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Parrot Fossil from the Cretaceous Pushes Back Origin of Modern Land Birds

by Robert Sanders, Public Affairs
posted November 18, 1998

The fossilized jaw of a parrot dating from the last days of the dinosaurs is the earliest known fossil of a modern land bird, says Thomas Stidham, a graduate student in the Department of Integrative Biology. The find provides the strongest evidence to date that modern birds evolved long before most scientists thought.

An analysis of the find, excavated from Cretaceous deposits in eastern Wyoming, appeared in the Nov. 5 issue of the British journal Nature.

"This find suggests that by the end of the Cretaceous period, around 65 to 70 million years ago, modern birds were an important group, at least in North America," said author Stidham.

"These data also indicate that modern bird groups, including parrots, may have been relatively unaffected by the mass extinction at the end of the Cretaceous period," he wrote in a scientific correspondence in Nature.

According to Stidham's advisor, paleontologist William Clemens, professor of integrative biology, "Tom has made an interesting discovery: that while modern birds survived the Cretaceous, more primitive birds with teeth became extinct. This heightens the mystery surrounding an explanation for the extinctions at the end of the Cretaceous. It's not clear why some animals survived and others didn't."

Primitive toothed birds, relatives of archaeopteryx, were the dominant bird group during most of the Cretaceous period, flapping amongst dinosaurs like Tyrannosaurus rex and triceratops. Toward the end of that period, however, modern toothless birds began to crowd them out, and the toothed birds went extinct around the end of the Cretaceous.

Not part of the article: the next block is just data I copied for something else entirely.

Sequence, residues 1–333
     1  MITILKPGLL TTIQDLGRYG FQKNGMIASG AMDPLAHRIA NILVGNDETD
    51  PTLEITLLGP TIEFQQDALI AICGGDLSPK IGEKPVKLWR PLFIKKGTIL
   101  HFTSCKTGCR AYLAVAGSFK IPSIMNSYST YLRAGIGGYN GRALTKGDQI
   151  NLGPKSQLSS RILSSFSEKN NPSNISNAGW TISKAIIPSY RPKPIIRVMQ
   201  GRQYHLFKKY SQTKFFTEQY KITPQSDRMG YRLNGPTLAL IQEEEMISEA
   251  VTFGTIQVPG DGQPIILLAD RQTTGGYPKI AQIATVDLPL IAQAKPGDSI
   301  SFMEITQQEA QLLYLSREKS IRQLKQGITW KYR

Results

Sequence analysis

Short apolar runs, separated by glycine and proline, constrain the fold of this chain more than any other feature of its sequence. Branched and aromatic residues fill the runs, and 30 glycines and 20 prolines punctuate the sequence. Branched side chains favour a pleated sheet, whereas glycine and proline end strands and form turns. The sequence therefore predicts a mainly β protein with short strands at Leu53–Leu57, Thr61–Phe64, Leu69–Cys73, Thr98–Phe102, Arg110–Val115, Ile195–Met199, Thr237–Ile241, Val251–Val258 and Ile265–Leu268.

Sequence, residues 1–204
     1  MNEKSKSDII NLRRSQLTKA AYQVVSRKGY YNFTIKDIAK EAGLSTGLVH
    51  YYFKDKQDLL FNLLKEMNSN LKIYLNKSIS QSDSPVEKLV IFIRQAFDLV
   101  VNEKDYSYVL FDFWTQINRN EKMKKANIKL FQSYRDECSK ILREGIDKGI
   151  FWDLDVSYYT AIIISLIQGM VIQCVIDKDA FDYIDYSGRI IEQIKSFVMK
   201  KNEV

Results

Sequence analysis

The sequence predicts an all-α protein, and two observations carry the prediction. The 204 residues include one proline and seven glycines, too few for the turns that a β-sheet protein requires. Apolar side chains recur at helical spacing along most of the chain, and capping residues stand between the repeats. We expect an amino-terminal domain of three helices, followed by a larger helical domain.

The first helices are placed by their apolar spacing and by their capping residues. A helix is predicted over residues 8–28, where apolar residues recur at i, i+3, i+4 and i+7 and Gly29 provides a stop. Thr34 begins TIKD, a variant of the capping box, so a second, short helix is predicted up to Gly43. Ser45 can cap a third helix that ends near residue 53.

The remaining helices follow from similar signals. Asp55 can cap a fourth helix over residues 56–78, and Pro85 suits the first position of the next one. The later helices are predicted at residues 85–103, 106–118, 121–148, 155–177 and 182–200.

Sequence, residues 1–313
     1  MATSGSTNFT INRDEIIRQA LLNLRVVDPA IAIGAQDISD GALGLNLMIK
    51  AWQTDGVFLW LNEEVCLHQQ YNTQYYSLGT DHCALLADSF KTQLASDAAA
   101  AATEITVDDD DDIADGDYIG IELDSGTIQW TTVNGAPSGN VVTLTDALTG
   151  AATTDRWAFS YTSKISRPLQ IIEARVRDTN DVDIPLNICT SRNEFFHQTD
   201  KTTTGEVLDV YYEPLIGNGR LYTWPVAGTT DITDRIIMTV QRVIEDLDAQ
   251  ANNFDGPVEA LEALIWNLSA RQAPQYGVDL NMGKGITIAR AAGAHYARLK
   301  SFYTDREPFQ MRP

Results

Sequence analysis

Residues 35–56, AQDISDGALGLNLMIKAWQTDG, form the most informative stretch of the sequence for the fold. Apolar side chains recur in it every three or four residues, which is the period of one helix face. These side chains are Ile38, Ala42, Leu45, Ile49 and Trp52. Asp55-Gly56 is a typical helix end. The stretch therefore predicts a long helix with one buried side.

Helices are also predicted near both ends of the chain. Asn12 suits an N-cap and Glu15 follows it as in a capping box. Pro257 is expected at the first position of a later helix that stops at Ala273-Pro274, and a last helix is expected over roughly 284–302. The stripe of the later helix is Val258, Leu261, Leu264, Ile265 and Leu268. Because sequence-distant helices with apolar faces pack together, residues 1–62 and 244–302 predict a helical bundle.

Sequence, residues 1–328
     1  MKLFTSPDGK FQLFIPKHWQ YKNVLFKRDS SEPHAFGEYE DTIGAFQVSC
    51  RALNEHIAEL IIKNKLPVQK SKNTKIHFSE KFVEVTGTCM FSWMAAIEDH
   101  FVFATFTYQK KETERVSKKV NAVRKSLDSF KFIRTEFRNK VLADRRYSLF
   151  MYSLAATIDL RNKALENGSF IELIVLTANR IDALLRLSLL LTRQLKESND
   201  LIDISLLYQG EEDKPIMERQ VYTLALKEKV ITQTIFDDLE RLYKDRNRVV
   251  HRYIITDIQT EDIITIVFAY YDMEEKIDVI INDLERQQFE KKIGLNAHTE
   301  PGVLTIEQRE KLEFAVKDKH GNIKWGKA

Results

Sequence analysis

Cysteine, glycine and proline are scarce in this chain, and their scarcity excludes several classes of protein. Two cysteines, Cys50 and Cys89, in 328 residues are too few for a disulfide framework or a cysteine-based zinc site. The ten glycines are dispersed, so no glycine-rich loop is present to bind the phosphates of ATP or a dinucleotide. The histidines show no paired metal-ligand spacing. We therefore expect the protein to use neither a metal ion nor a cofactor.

Until now the only modern bird fossils uncovered from the Cretaceous have been water birds: loons, duck-like waterfowl, shorebirds and tube-nosed seabirds like the albatross. The oldest of these dates from about 80 million years ago. This led many paleontologists to conclude that modern terrestrial birds arose after the major extinction at the end of the Cretaceous.

One reason for a lack of landbird fossils, however, may be that most paleontologists hunt for fossils in the deposits of past watery environments, such as ancient shorelines and river deltas, where few terrestrial birds would be expected, Stidham said.

As interest in ancient birds has risen over the past 10 years, more and older bird fossils have been identified, often from old museum collections. A separate line of evidence -- molecular studies of modern birds and the rate at which their DNA has changed with time -- also has placed the origin of modern birds, including parrots, in the Cretaceous. The new find confirms this hypothesis from molecular divergence data.

The fossilized lower jawbone Stidham analyzed was found by Clemens around 1960 in the Lance Formation of Niobrara County in eastern Wyoming. Excavated from an old river deposit, it sat in the Museum of Paleontology's collection until now, labeled as an unknown avian fossil.

Stidham, who is writing his doctoral thesis on the origins of modern birds, has rifled through these collections in search of interesting bird fossils, and to date has identified nearly a dozen new species. Until now all have been water birds.

He readily recognized this particular fossil as a parrot, which has a distinctive lower jaw normally covered by a horny, fingernail-like substance that forms the beak. Stidham X-rayed the jaw and found nerve and blood vessel tracks identical to those of modern parrots.

This specimen, only half an inch long, was probably from a bird about the size of a macaw, and most closely resembles the lories of Australia and some of the South American macaws. It thus is the oldest known parrot and the oldest reported modern land bird.


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